Carbon footprints have typically been calculated in large, complex spreadsheets that capture and summarize the total amount of GHGs that a business produces as a result of its total operations. A new and exciting development within the industry is the automation of measuring carbon footprints, using software solutions like Sumday and Greenly, which use advisor-friendly technology to streamline carbon accounting reporting. These tools draw data directly from accounting software platforms like Xero and give time back to you to focus on your clients by optimizing the process from start to finish.

Methodologies for carbon accounting

Global standards have been developed to ensure carbon accounting practices measure carbon emissions in a consistent and comparable manner. The most popular global framework for carbon accounting was created by the Greenhouse Gas (GHG) Protocol, whose standard provides guidance to organizations on the process for getting started on a carbon accounting journey as well as the correct methodology to use to ensure accurate and transparent reporting.

Why is this important to your client’s business?

Legislators, consumers, business operators and investors are progressively working to transition to a low-carbon global economy, with more and more countries opting for mandatory carbon accounting disclosure. Carbon accounting is an important step for businesses to understand and properly communicate their environmental impact with key external stakeholders. While carbon accounting disclosure is yet to become mandatory in Canada, the transition could impact Canadian businesses more quickly than you might expect.

Looking to the future, Canadian organizations may be required to provide carbon emissions data to satisfy the reporting requirements of their international partners, particularly in Europe, where large corporations will be required to disclose carbon emissions as early as this year. While reporting rules in most countries initially apply only to its largest organizations, the effects have the potential to trickle down to smaller organizations very quickly.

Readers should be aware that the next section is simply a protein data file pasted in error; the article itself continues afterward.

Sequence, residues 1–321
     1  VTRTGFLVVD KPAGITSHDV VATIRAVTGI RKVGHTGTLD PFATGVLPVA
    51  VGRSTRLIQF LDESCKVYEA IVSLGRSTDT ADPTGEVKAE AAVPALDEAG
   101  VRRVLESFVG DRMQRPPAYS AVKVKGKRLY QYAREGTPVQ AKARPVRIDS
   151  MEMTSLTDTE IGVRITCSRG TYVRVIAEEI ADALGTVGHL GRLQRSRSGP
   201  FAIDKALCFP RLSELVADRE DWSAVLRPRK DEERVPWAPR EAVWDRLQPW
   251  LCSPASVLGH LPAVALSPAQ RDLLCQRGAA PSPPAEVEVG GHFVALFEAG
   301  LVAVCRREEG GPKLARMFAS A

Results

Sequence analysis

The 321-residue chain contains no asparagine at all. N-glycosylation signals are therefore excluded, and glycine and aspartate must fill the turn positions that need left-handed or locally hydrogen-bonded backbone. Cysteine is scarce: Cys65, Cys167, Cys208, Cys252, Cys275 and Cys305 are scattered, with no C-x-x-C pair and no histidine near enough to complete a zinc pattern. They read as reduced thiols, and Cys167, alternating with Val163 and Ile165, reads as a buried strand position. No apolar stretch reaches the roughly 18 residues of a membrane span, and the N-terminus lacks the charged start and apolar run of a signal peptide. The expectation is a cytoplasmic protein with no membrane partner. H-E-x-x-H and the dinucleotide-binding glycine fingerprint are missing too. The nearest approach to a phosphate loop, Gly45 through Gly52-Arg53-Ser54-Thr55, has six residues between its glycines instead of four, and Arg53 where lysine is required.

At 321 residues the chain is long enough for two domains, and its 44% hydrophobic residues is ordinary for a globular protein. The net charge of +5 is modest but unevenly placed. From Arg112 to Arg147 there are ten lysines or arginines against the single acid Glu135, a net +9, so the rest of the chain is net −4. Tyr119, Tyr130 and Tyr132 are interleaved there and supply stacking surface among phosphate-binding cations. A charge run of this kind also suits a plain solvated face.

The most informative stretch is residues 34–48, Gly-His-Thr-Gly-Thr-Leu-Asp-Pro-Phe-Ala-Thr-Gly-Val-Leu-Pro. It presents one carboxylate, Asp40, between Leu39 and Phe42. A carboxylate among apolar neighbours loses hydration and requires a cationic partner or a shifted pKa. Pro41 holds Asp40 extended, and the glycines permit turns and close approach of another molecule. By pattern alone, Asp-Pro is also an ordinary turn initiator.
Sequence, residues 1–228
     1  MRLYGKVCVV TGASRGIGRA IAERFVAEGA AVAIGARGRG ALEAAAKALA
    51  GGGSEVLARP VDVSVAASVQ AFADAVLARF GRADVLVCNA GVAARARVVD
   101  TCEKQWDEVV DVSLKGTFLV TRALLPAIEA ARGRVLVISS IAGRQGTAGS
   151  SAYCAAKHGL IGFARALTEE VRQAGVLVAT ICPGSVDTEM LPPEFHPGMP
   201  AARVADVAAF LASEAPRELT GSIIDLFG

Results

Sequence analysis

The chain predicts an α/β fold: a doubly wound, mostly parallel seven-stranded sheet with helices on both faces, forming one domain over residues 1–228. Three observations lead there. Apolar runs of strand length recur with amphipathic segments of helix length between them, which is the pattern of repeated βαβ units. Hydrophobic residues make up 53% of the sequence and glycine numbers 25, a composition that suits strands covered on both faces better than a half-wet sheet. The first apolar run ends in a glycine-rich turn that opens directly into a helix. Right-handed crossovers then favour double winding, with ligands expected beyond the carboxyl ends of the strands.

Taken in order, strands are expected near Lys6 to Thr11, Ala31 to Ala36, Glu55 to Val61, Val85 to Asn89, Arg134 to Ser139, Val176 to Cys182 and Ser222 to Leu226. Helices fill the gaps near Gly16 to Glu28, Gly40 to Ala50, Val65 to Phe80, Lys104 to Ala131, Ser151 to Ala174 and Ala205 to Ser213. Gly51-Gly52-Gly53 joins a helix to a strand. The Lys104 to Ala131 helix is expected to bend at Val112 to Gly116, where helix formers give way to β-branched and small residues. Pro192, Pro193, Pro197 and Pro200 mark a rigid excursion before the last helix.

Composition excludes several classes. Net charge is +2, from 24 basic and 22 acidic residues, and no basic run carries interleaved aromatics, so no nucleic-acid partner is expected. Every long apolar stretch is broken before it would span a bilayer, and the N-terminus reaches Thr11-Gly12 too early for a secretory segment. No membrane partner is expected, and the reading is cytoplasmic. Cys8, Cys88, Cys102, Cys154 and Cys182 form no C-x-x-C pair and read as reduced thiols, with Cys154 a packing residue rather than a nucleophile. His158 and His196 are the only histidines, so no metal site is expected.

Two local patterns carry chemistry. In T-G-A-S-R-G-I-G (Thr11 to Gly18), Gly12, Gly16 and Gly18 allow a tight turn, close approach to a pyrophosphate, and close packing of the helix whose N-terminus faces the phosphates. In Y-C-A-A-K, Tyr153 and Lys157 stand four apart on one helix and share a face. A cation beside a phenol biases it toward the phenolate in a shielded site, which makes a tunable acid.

For example, in Australia, where the mandatory disclosure of climate-related financial information is currently being regulated by the federal government, small businesses won’t have to report themselves potentially until January 1, 2025—however, they will be impacted by these requirements in the immediate term. This is because small businesses are a critical part of larger businesses’ supply chains and their data will be required for larger organizations to achieve compliance. In Singapore, where emissions reporting has become mandatory for large businesses, 8 out of 10 businesses say they have lost business because they were unable to meet the requirement to provide emissions data to customers.

How to get started

Now is the time for Canadian organizations to get ahead of this process as carbon accounting is sure to make its way to Canada. By getting on top of this early, businesses can future-proof their positions in the broader green economy, providing a competitive edge compared to those who lag behind. 

A low-barrier way to get started is by using a carbon accounting application, like the ones found in the Xero App Store. These apps provide a secure way to connect to your client’s Xero account, so you can analyze their business data to calculate their carbon footprint efficiently. Additionally, these apps offer guidance along the way for you and your clients through the Xero customer support team—ensuring a smooth way forward through the entire process.

Tamara Somers is general manager of sustainability and ESG at Xero. Advertising feature content and images produced by Xero.